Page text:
Eifler finds fresh start with Illini football

Eifler finds fresh start with Illini football

CHAMPAIGN - Milo Eifler could have stayed in Seattle and played this year for Pac-12 favorite Washington. But the linebacker wanted a change.

He found it at Illinois. The 6-foot-2, 220-pounder is sitting out this season and will be eligible in 2019. He has two more seasons left to play.

"I just needed a fresh start," Eifler said.

Why Illinois? It's a multi-tiered answer. First, he was familiar with the coaching staff, especially defensive coordinator Hardy Nickerson.

Before joining Lovie Smith's staff at Illinois, Nickerson was Eifler's coach at Oakland (Calif.) Bishop O'Dowd High School.

Eifler got his release from Washington and called Nickerson.

"The decision was pretty easy," Eifler said.

Part two of the move had to do with linebacker need at Illinois. Starter Del'Shawn Phillips is a senior and will be done when Eifler becomes eligible. Dele Harding, another top linebacker, is a junior.

"I can compete for my position and learn from some of the best coaches in the nation," Eifler said.


Eifler's hometown of Oakland is part of a metro area with 8.7 million people. It's a tad bigger than Champaign-Urbana.

"When I flew in from Chicago, that puddle-jumper that you take here, I was looking out the window like, 'Where's the city?' " Eifler said.

Eifler is getting used to it.

"I'm only two hours away from Chicago," Eifler said. "Living out in the Midwest isn't so bad.

"I'm still getting adjusted. We'll see when students get on campus. Here (at training camp) it's just me and the guys. Good bonding time. It's been a big adjustment not to have that city experience."

The other linebackers welcomed Eifler.

"They're great," he said. "A pretty funny group. We keep the meetings pretty interesting."

Eifler is enjoying practices.

"It's my third fall camp, so the grind, I'm kind of used to it, waking up and the long days." Eifler said. "But it's definitely a fun experience out here with a new team and a new position coach. The guys really want to win. It's going to be a good season and I can't wait to strap it up next year."

Eifler is studying communications. After football ends, he wants to be a sports analyst or a personal trainer.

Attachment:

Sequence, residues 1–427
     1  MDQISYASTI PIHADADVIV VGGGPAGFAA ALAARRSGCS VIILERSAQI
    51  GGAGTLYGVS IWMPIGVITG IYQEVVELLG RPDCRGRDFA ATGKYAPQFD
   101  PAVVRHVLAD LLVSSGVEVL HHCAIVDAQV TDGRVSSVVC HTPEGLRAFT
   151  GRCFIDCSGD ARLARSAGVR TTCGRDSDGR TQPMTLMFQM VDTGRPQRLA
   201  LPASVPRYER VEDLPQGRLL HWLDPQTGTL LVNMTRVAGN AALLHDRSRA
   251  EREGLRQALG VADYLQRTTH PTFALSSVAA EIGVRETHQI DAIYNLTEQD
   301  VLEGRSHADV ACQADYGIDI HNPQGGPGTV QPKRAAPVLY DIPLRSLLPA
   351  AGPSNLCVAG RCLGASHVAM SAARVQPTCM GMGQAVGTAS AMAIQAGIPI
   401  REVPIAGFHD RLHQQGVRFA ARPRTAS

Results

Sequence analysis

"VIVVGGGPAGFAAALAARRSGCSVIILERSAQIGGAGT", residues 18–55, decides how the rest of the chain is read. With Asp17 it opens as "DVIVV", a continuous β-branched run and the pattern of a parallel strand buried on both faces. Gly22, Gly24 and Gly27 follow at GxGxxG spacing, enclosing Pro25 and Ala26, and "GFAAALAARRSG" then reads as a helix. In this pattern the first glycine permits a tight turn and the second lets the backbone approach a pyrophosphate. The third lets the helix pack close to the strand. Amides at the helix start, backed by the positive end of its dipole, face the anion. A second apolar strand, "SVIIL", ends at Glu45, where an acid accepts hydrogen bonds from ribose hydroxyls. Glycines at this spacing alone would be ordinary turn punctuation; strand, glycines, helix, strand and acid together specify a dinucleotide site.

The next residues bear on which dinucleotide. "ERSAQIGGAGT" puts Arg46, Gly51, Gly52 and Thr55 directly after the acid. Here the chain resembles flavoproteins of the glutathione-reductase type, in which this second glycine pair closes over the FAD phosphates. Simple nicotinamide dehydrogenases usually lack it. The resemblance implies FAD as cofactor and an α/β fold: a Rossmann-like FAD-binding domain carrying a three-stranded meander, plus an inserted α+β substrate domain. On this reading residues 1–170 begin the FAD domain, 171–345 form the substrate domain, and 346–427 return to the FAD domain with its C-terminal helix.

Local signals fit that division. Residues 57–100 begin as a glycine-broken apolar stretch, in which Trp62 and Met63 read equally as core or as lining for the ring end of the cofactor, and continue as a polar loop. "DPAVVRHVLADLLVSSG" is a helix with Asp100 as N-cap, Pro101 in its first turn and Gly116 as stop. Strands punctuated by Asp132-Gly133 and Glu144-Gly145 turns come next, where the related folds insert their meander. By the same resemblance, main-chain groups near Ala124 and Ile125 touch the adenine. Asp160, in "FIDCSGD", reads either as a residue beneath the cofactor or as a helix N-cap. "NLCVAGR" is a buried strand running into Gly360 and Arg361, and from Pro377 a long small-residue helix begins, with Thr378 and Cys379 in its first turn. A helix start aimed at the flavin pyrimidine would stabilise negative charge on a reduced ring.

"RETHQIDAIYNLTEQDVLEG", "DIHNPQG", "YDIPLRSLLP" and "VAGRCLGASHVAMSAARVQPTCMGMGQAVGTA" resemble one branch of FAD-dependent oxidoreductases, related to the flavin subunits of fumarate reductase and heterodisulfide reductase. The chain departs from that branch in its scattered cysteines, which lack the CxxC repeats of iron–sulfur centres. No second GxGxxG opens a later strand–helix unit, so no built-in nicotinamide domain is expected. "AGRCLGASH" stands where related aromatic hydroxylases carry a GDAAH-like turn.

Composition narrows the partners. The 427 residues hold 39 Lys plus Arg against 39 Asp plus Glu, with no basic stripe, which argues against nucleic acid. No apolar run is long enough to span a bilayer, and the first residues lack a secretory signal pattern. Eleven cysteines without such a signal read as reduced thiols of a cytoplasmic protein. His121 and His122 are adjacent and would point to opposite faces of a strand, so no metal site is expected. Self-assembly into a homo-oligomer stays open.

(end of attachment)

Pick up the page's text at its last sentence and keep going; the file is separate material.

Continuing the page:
"Work with guys who are going to the NFL combine," Eifler said.

Bright future

The Illinois coaches are excited about Eifler's potential. And his ability to fit their defense.

"He's a great kid," Nickerson said. "He's very athletic. He can do a lot of things on the field. He's the kind of guy who can really do well in our system."

"It's the profile we're looking for at the linebacker position," Lovie Smith said. "Speed, quickness, he can jump out of the gym. A physical player, too. We're going to have to wait for him a year, but it will be well worth the wait. I think he's going to be an outstanding football player someday."

A four-star prospect in high school, Eifler had offers from Michigan, Oregon, Texas A&M, UCLA and others.

"Very talented," Nickerson said. "I think he's got a great opportunity here."

Though he can't play this season, Eifler will still help. Both Nickerson and Smith want him to be part of the leadership group at linebacker.

"The plan for him is to learn the defense and become like a coach," Nickerson said. "No different than Jake Hansen, who was hurt last year and had an opportunity to really dig in on the defense, the fundamentals, the understanding of the defense. This is an opportunity for Milo to come in and do the same things that Jake did last year."

Eifler likes the role.

"I can help the linebacker room by watching film and studying our opponents," Eifler said. "Little stuff with the techniques and what the O-line might do. I'll see if I can make a play sheet for some of them so they can read it on Friday night before the game."

Thanks to the staff connections, Illinois is going to continue to recruit more players from California. Eifler wants to help.

"You feel that Cali connection," Eifler said. "Back home, I still have some friends in high school that want offers. I'm still reaching out to my guys and saying, 'Hey, come to Illinois. You can play early.'"